On the one hand, we will have the very specialised, the sought-after jobs and on the other hand, we will find those with less skills who will be caught in temporary, low-paid and precarious jobs. We cannot sweep this potential scenario under the carpet. Solutions for the here and know will have to be devised.
This is why the discussion about universal basic income makes sense and precisely why it has been initiated by those who have benefited the most from the explosion of the online products and services. However, this should not be seen as a final point, but rather as the start of a fruitful conversation. In any AI (r)evolution, society as a whole has to be a winner.
AI and globalisation are strongly related. If the first two ages of globalisation have meant the free movement of goods and of ideas, we currently see a strong pushback against the free movement of people. In Europe and the US, the discussion about immigration and refugees is a case in point. Free trade is under attack, especially because the coalition of the left-behinds has grown stronger and has attracted the attention of parties and political players.
This is the context in which we operate and the challenge will be to fight against populism by addressing exactly the issues that have transformed populism into being such an attractive choice for both mainstream parties and millions and millions of voters. Again and again we have seen that the populists are endowed with political rhetoric and mobilising phrases. What they lack is the ability to come up with solutions to problems that are complex and complicated.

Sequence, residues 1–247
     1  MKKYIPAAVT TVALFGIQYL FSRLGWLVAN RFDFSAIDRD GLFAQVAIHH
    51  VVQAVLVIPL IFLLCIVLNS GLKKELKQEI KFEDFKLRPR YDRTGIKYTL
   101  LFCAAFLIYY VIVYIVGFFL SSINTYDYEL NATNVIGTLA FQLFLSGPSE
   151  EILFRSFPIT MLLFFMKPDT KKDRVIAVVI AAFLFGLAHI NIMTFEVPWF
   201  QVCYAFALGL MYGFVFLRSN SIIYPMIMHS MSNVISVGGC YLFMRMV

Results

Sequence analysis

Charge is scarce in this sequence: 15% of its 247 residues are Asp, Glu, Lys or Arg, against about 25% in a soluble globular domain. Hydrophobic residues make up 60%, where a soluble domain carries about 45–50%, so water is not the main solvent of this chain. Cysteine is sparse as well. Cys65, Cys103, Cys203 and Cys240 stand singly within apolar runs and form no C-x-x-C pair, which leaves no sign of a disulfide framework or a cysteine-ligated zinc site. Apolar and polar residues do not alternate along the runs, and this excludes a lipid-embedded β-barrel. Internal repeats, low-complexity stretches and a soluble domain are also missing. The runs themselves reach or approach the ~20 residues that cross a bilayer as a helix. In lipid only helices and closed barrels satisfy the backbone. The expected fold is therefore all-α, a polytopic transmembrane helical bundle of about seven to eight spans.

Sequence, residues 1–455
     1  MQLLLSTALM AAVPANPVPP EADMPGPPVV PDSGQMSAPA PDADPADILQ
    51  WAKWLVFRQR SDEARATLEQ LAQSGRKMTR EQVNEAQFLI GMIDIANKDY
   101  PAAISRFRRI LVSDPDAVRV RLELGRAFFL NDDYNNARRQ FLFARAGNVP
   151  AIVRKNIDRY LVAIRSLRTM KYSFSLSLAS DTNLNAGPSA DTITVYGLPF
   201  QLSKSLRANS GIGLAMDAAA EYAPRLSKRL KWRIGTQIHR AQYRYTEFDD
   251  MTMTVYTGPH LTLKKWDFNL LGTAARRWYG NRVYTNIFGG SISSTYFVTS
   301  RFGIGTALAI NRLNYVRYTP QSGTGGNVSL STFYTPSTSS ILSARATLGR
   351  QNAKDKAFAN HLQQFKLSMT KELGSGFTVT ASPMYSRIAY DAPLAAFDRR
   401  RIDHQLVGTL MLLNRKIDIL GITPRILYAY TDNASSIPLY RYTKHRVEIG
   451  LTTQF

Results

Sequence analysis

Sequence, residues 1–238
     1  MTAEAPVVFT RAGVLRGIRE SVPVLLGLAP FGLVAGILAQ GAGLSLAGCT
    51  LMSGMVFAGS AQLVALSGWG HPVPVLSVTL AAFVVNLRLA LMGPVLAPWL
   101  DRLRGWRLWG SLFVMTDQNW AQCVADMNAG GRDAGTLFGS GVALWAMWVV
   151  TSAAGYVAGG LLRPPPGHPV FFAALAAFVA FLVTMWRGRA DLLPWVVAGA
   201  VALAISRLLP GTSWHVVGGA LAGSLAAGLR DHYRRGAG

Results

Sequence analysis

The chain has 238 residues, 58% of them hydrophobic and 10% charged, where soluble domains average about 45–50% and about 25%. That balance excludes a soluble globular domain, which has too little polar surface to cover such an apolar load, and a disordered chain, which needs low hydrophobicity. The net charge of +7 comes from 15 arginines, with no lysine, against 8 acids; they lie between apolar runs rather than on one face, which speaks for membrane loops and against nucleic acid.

Mainstream politicians cannot find a solution on their own. It is the task of a responsible business world to make the transition towards the fourth industrial revolution as smooth as possible, and this means primarily ensuring a normal relation with democratic norms and principles and a strategic conversation with stakeholders. Ignoring this hard-core political dimension would throw our liberal order in crisis (if the one we are currently experiencing is not bad enough) and will only increase instability.